Names on the weather map

The Sun has acquired a sometime columnist named Christina Blizzard. With a name like Blizzard, you’d think she must be Canadian-born. Not so. She comes from England.
Interestingly, the surname Blizzard pre-dates the moniker for winter storms. Originating in Oxfordshire, the name is dated to the 1700s, while blizzard, meaning “storm,” was first used in the U.S. in 1829.
The two blizzards have no relationship to one another. Blizzard, the name, is a variant spelling of Blisset/Blissett, meaning “blessed.” Blizzard, the snow storm, is of obscure origin. The OED suggests it may be an “echoic” word, meaning it echoes some sound. A furious blast of frosty wind perhaps? Other sources believe blizzard might have evolved from the German Blitz (lightning).
Although the proper name, Blizzard, has nothing to do with blinding snow storms, I couldn’t help wondering about other surnames which suggest foul weather.
Storm is a surname meaning “storm.” German in origin it’s well-known to students of German literature. Theodor Storm (1817-1888) is considered the all-time master of the novella (the framework story).
Snow is an English name, common in Devon, Essex and Staffordshire. John Snow (1813-1858) was a
pioneer in anesthetics and epidemiology. He is credited with tracing a cholera outbreak to impure water. Dating back to Old English days, Snow was likely a nickname for someone born or baptized during a fierce snowstorm.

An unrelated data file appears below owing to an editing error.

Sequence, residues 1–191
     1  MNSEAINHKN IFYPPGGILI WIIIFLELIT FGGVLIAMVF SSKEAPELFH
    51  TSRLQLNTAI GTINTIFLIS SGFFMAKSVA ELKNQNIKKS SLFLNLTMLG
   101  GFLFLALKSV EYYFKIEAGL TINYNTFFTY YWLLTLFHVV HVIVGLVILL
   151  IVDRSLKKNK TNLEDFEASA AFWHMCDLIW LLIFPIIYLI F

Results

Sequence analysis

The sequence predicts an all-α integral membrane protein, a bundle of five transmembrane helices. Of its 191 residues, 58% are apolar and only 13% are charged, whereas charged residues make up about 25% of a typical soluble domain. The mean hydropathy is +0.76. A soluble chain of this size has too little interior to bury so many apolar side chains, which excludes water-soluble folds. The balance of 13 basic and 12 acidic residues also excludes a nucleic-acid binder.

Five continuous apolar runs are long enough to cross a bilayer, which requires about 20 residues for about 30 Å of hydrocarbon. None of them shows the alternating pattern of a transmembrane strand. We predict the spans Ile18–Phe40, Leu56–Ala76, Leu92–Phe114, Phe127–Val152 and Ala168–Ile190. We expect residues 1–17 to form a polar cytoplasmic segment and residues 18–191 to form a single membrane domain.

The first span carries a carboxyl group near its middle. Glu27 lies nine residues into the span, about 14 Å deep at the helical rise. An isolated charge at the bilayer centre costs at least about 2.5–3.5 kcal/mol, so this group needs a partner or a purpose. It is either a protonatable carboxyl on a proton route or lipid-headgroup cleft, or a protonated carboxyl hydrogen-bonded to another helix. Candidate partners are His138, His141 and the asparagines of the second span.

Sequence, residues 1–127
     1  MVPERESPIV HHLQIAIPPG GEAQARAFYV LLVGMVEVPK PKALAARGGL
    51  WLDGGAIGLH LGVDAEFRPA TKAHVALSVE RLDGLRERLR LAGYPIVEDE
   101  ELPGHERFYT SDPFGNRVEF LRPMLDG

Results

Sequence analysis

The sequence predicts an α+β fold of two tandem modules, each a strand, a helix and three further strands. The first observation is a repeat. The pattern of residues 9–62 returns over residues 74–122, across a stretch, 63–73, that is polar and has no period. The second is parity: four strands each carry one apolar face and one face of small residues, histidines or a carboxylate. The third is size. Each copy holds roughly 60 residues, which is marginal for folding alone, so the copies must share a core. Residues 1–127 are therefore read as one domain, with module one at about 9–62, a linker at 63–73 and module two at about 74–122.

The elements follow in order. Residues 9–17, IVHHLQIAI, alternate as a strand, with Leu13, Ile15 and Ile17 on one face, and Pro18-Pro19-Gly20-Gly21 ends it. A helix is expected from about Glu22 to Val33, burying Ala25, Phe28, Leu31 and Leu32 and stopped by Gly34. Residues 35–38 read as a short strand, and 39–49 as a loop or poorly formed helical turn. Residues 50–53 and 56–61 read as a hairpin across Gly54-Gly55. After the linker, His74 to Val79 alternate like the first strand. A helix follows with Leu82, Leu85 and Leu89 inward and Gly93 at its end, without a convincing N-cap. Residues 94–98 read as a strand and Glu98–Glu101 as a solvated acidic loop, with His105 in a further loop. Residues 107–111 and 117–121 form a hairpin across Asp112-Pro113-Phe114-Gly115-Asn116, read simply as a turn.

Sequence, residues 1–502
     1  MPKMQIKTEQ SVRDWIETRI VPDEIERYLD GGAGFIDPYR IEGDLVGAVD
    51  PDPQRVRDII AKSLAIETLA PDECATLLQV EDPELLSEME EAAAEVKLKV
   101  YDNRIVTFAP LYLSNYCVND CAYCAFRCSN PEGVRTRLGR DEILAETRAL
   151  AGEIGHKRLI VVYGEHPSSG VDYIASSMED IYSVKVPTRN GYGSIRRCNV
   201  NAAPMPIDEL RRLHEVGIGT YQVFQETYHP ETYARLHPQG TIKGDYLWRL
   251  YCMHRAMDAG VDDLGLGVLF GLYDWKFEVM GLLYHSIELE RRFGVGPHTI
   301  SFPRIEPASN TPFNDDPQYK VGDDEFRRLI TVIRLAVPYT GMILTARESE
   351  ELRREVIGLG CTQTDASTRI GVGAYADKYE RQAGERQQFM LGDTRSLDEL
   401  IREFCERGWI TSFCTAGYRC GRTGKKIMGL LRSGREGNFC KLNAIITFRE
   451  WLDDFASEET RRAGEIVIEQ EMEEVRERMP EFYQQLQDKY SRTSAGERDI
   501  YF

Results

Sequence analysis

Frost, also Old English, has several suggested origins — a nickname for someone with white hair or beard. Or, maybe, for one whose manner is cold and aloof, or for someone born during a cold snap. This name is common from Derbyshire to Somerset.
A famous Frost is Sir David (1939- ) who became a household name with his TV program The Frost Report. But American poet Robert Frost (1874-1963) may be even more famous. In school, most of us studied Frost’s Stopping by Woods on a Snowy Evening.
Winter is another Old English surname. Like Snow and Frost, this name probably began as a nickname for a person born during a harsh winter. Jonathon Winters (1925- ), American actor and comedian, and actress Shelley Winters (1922-2006), are two well-known people with this surname.
Rain/Raine/Raines is from County Durham. English actor Claude Rains (1889-1967) is probably best remembered for his role as the French police captain in Casablanca, but he also starred in Phantom of the Opera, and in many other high-profile movies.
Rains bring floods often enough. The surname Flood is the English form of the Welsh Lloyd. The name Flood originally meant, “one who lives by a well or spring.”
Many  names carrying weather have nothing to do with weather. Weatherby, Weatherall, etc., are occupational names indicating work related to sheep. The confusion arises because of long-ago spelling errors. A wether is a neutered ram.
However, Scottish and Old English names, such as Fairweather, Merryweather/Merriweather, are different. These are nicknames indicating sunny dispositions.
In Romeo and Juliet, Romeo asked, “What’s in a name?”
Apparently, you never know.